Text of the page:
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Paycheck Protection Program statistics
Small businesses may have gotten the highest number of loans — but most money went to big firms.
The Paycheck Protection Program (PPP) was an emergency loan program designed to give small business funds to keep staff paid and the lights on. It was hastily thrown together as part of the Coronavirus Aid, Relief and Economic Security (CARES) Act in March 2020. And it was revived at the beginning of 2021 with an option for businesses to receive a second round of funds.
The PPP ran into more than a few stumbling blocks — such as running of funds two weeks in, and using a formula that originally left self-employed applicants with as little as $1 in aid. But it's been the most popular business loan option during the coronavirus outbreak.
As of March 31, 2021, when the most recent round of PPP ended, the Small Business Administration (SBA) had approved over 11 million PPP loans. But who got the money? PPP funding mostly went to businesses in industries and states that were hit the hardest by the COVID-19.
And while the vast majority of PPP applicants declined to give their demographic information, those that chose to were overwhelmingly white, male and had never served time in the military.
How much did small businesses receive through the PPP?
Most PPP loans were on the smaller end. The average loan size for all PPP approved loans is around $67,647. The loan size has decreased over time with an average approved loan size of $41,560 in 2021 alone. And 95% of loans were under $150,000, while only 0.40% of borrowers got a loan over $1 million in 2021.
Amount of funding small businesses got through the PPP
$50,000 and under
$50,001 – $100,000
$100,001 – $150,000
$150,001 – $350,000
$350,000 – $1 million
$1.01 million – $2 million
$2.01 million – $5 million
Over $5 million
This shows that the majority of businesses that received PPP loans really were small businesses. PPP loans are based on your business's payroll costs — most businesses could borrow 2.5 times your monthly average payroll cost. A high number of small loans means that those businesses likely had a low number of employees.
But when you look at where most of the money went, it tells another story. Close to 50% of PPP funding went to loans over $150,000. That means 4.6% of businesses received over half of the funds. So, yes, most PPP loans went to small businesses. But most of the money went to big-time borrowers.
Which states got the most PPP loans?
California received the highest number of loans in 2021, with some 692,692 businesses funded by the PPP. Florida followed with 598,506 businesses that received PPP loans. Texas came in third with 559,159 businesses funded and Illinois pulled in fourth with 435,736 PPP loans.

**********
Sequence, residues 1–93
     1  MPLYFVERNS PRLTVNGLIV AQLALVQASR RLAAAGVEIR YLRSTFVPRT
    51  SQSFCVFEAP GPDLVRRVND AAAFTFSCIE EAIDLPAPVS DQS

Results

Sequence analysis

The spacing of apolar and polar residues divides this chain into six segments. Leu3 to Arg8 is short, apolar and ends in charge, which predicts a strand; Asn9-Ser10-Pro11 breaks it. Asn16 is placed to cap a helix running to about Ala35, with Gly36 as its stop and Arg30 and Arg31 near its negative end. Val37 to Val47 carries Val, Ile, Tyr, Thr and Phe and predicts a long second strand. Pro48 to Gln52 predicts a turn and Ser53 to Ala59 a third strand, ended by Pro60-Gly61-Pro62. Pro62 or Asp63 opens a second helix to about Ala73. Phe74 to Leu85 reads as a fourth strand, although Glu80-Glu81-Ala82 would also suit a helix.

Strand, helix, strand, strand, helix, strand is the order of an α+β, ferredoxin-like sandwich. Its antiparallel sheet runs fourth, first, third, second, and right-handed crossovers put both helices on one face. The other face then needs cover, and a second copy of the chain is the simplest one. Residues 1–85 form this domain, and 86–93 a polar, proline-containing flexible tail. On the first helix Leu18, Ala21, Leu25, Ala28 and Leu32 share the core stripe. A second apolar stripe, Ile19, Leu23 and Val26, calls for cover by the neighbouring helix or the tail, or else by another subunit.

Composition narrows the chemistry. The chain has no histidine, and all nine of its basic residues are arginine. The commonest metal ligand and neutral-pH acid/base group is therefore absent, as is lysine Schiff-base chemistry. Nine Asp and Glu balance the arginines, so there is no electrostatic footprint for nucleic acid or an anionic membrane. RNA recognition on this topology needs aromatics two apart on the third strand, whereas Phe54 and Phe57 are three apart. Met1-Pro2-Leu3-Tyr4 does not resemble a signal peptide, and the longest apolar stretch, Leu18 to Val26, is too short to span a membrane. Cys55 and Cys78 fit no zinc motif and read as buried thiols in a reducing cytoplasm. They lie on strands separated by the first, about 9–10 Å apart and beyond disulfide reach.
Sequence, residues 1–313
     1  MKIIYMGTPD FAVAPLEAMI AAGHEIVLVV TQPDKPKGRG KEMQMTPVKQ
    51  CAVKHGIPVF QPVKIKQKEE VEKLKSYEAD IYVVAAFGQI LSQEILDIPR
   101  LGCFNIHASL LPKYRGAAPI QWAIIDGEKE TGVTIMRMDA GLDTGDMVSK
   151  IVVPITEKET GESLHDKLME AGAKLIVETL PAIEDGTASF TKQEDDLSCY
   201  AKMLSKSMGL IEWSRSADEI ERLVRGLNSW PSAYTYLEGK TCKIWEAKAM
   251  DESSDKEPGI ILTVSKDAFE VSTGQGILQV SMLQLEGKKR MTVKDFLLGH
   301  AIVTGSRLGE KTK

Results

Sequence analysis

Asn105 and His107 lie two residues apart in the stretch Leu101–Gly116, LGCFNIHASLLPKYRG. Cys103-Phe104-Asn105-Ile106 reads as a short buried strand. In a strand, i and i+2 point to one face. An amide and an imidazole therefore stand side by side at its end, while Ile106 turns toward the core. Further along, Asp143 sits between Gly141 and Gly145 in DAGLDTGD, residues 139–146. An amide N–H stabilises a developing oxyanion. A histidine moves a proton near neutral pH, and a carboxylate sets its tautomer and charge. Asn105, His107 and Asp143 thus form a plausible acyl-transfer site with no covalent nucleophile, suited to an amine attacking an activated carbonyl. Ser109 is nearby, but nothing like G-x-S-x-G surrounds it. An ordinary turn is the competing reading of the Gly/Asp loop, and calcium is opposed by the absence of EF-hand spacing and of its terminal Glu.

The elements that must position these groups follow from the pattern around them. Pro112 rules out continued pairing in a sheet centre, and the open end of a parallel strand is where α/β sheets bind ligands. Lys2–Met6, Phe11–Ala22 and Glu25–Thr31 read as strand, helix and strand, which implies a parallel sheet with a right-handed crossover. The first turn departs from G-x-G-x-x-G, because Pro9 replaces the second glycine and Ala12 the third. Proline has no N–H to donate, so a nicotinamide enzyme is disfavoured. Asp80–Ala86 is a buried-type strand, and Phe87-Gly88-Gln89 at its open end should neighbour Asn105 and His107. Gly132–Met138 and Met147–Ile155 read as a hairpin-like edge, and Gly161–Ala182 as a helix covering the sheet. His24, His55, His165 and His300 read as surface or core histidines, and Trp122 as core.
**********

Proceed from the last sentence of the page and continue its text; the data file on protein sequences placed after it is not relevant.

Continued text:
While US territories are eligible for PPP funding, they consistently ranked at the bottom of the list. American Samoa received the fewest PPP loans, with only 37 businesses approved in 2021. Of the 50 US states, Vermont received the fewest loans so far in 2021.
Number of PPP loans by state/territory
District of Columbia
Northern Mariana Islands
U.S. Virgin Islands
That Texas, California, Florida and New York received the most funds and the highest number of loans is no surprise, given the size of their economies. And the East Coast is where the virus hit early — and where many states were likely to have tighter stay-at-home orders throughout the outbreak.
Some notable exceptions are Florida and Georgia, which reopened their economies sooner than many states that received fewer PPP loans.
Most of the states that received the most funding are also home to large cities, where businesses have been hit particularly hard. The US territories, which received the fewest funds, have smaller populations and were affected by the virus differently than the contiguous US.
Which industries have the most approved PPP applications?
Businesses that provide other services — not including administration — received the highest number of PPP loans so far in 2021 — over 1.1 million. This was followed by businesses in the transportation and warehousing industry and those in the professional, scientific and technical services industry.
Accommodation and Food Services
Health Care and Social Assistance
Professional, Scientific, and Technical Services
Other Services (except Public Administration)
Transportation and Warehousing
Administrative and Support and Waste Management and Remediation Services
Agriculture, Forestry, Fishing and Hunting
Arts, Entertainment, and Recreation
Real Estate and Rental and Leasing
Finance and Insurance
Management of Companies and Enterprises
That services industries received the most funding should come as no surprise — these were the hardest-hit by government shutdowns, and the SBA revised their loan amount formula to allow this industry to receive extra funding.
But several other industries received a higher number of PPP loans — including construction and transportation. This is likely because the size of businesses in industries like food service are often smaller than, say, wholesale and transportation companies.
The smaller businesses are eligible for lower loan amounts due to size — and compensation for wages is capped at the equivalent of a $100,000 annual salary per employee. Which means even very successful small businesses with well-paid employees top out at a lower amount than larger businesses.
How racially diverse were PPP recipients?
The diversity among PPP applicants is difficult to determine. About 71% of applicants chose not to disclose their ethnicity in 2021, despite the SBA giving them the option.
That choice could result from applicants wishing to keep that information private. But it could also be that the SBA provided identity categories that were inconsistent with other government agencies — and in some cases, offensive.
For example, it used the term “Eskimo” — an outdated term with a problematic history — as opposed to “Alaska Native.” It also erroneously offers “Puerto Rican” as an ethnicity, despite being a nationality.